Yesterday, Margaretha wrote about the Swedish customs of Twelfth Night and Knut. I told her that I would try to find some photographs of our family celebration of Twelfth Night and I have copied a few from the album. Most people see Twelfth Night as the end of the Christmas holiday season, the day to take down the decorations and dispose of the tree. But for church-goers it is a feast day - the Epiphany - and in some countries it is a greater festival than Christmas Day.
Epiphany was too difficult a word for our little ones, who established "Piphany" as the new name of the feast. A very special friend used to come to stay with us after Christmas and she would help us to make decorations, party food and whatever the special activity of the day was to be. It might be a drama, a treasure hunt or making cakes to give away.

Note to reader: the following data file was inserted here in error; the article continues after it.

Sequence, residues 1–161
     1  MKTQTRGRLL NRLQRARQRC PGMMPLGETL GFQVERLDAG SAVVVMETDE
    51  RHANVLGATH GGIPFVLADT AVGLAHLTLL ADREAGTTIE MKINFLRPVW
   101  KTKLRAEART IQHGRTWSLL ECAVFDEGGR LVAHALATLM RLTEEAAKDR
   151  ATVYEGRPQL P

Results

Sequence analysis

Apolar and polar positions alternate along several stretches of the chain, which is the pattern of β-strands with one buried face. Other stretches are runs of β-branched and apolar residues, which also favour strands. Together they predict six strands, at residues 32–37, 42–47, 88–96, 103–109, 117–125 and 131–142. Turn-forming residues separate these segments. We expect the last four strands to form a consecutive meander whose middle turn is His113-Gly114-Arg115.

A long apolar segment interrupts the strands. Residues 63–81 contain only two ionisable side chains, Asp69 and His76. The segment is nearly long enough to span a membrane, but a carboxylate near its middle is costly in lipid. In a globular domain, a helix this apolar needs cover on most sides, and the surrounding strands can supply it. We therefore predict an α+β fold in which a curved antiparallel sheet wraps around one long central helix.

Here is the Piphany Party of 1982. Paper crowns were worn by all, including the toys. The children had cut out figures of the kings and there were small gifts and lots of candles.
A few years later, our special friend was again helping the children to decorate the dining room.
We moved to another house in another county but our traditional celebration came with us. Our special friend came to lead the celebrations whenever she could.
We haven't had a real Piphany celebration since the youngsters left home. I have put the kings into the crib but there are no gifts hiding around the house and there won't be any party fare tomorrow. I hope we will be able to start again in future years, when we have grandchildren coming to stay. It is a lovely way to bring the Christmas holidays to an end.
Epiphany : a sudden, intuitive perception of or insight into the reality or essential meaning of something, usually initiated by some simple, homely, or commonplace occurrence or experience.